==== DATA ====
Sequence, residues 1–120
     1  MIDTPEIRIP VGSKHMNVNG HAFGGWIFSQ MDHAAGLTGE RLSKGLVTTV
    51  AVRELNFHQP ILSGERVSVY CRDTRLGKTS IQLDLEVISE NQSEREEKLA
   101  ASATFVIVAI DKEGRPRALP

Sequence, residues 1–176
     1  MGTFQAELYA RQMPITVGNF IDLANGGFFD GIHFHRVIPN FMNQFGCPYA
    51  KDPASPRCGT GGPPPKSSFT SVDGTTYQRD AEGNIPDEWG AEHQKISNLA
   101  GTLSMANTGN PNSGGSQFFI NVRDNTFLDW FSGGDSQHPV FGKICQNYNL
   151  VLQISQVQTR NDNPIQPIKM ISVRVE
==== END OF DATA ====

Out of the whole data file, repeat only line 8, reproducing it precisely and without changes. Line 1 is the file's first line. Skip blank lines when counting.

   101  GTLSMANTGN PNSGGSQFFI NVRDNTFLDW FSGGDSQHPV FGKICQNYNL